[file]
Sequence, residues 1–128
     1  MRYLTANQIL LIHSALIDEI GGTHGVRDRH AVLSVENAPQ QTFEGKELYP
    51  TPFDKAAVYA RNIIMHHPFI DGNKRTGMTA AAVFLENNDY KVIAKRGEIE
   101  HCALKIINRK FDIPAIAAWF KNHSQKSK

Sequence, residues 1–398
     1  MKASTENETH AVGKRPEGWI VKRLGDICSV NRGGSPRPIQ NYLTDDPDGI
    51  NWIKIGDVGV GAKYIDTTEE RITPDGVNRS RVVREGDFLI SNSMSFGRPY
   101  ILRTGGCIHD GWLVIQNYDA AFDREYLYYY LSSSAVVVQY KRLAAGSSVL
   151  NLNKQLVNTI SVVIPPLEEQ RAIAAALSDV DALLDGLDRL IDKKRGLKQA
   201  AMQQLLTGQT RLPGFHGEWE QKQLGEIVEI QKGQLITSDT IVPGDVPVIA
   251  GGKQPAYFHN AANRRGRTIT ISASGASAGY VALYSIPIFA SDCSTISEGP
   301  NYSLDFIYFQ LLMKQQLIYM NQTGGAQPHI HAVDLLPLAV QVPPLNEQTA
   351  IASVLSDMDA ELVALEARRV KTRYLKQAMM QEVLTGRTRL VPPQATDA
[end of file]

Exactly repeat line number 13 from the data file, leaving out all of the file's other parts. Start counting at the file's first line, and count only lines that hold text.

   351  IASVLSDMDA ELVALEARRV KTRYLKQAMM QEVLTGRTRL VPPQATDA